Tag Archives: aola

Funeral for a friend – Griffee Blythe

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I had the great privilege of attending a family memorial acknowledgment of the life of long-time former Snr CS AOLA Griffee Blythe over the Fourth of July weekend.

Griffee passed away on June 28, 2008.

She had left the Sea Org in 2004.

Her last several years on staff and in life were tortuous spiritually for her.

With the advent of the GAT, Miscavige had it ruthlessly implemented in A.O.’s and SH’s through his RTC Representative NW. As Inspector General from 1998 through 2004 I regretfully forwarded that campaign.

The RTC reps learned from Miscavige to treat senior technical terminals with a particularly cruel sort of disdain and invalidation. In LA the reps’ favorite target was Griffee, since she was the most senior and well know tech terminal in the PAC area, and because she was resistive to GAT’s dehumanization of the auditing process. She was blamed for all failed or resistive cases in the PAC area – though years later after very expensive RTC supervised reviews the great majority of them were either worse or blown off completely.

For many years Griffee was known as the last port of call in PAC. If all else failed, staff and public alike knew that Griffee would always be there for them. She exuded a friendliness that is hard to describe. I recall having to go upbraid her for something or other once. I got myself all worked up and stormed into her office. She looked up from her folders with an infectious smile that stopped me in my tracks, unmocked my ridges. She literally disarmed me with her presence. Within minutes she had me laughing.

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That is the Griffee I knew. Since speaking with many members of her family and staff and public who knew her I have come to recognize that is the Griffee that most people knew.

Perhaps having realized that and wrestling with my own involvement in the invalidation of her and everything she stood and lived for, made her funeral such a touching experience.

Griffee’s daughter Tish organized the farewell event. The evening of our arrival Tish showed the twenty invited family members and friends a special video presentation Tish had produced herself. With only music and still shots Tish managed to capture Griffee’s spirit of play and purpose of helping remarkably well. After seeing the presentation I was impressed by how well Tish knew and appreciated her mother even though she had not been afforded the opportunity to spend much time with her until the last year of Griffee’s life.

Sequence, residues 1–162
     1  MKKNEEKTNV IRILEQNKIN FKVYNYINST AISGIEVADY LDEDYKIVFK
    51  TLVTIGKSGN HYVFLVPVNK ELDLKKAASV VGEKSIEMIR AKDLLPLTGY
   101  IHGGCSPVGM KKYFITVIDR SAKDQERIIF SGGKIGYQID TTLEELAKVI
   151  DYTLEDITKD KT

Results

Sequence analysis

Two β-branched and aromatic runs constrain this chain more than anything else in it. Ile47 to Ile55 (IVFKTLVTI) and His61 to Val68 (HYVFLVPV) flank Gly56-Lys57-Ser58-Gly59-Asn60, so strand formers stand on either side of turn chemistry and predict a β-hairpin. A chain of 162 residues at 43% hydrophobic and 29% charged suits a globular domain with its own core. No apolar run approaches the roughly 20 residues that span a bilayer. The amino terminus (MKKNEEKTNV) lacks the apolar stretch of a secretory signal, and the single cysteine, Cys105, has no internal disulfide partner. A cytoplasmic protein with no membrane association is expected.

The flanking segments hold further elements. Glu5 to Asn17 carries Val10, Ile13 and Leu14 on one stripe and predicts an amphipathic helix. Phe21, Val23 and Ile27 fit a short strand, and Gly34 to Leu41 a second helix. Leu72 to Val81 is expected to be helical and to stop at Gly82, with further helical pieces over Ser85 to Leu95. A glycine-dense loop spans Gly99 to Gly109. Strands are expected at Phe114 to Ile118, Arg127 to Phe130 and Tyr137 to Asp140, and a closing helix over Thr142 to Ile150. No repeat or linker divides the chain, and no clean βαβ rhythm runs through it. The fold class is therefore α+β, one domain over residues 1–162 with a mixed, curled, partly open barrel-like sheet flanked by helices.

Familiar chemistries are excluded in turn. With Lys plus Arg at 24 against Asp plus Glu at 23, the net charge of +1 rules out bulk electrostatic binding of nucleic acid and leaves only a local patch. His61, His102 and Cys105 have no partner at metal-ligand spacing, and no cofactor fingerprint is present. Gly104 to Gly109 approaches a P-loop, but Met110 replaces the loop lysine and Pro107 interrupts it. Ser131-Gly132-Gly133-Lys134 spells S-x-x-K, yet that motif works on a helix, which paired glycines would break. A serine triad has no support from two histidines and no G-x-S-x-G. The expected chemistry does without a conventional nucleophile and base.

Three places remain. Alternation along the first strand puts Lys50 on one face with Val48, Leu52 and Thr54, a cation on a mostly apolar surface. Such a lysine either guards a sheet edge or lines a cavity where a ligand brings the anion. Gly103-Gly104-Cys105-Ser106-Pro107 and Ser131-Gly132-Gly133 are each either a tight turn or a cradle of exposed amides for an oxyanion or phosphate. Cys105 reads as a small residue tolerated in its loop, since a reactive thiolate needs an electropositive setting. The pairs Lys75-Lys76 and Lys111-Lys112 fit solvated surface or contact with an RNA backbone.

Soon that presentation will be available to all Griffee’s friends on You Tube.

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In the late afternoon of July 4 the group hiked to a granite promentory in the foothills of the Rocky Mountains. It was the spot where Griffee’s mother and father had their ashes spread after they passed away years earlier.

We walked trails through an eery and unusually thick fog. It was actually the underbelly of a low lying cloud bank that made the mist lighten and thicken as it slowly bobbed between the ground and forty to fifty feet above us.

When we reached the appointed spot, a large outcropping of granite boulders, Tish walked to the edge of the rock cliff with Griffee’s brothers and sisters. No words were spoken. Mickey Blythe emptied an urn containing Griffee’s ashes over the cliff. Within seconds an updraft lifted the ashes into a small cloud that rose above the cliff. Simultanously the cloud bank above descended below the tree line and at about Tish’s eye level, and ten feet in front of her, the ashes and the cloud mixed in a subtle dance – the ashes absorbed by the cloud. When all the ash was consumed, the cloud began to lift again above the tree line.

I felt that same disarming, peaceful and playful presence I had experienced when years earlier Griffee had, with only a look, turned my pent up antagonism into mirth.

My wife described a similar feeling as did others who attended.

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Friends can rest assured that the spirit of Griffee is alive and well.

May she know that she is not forgotten.

May she continue to fly in peace.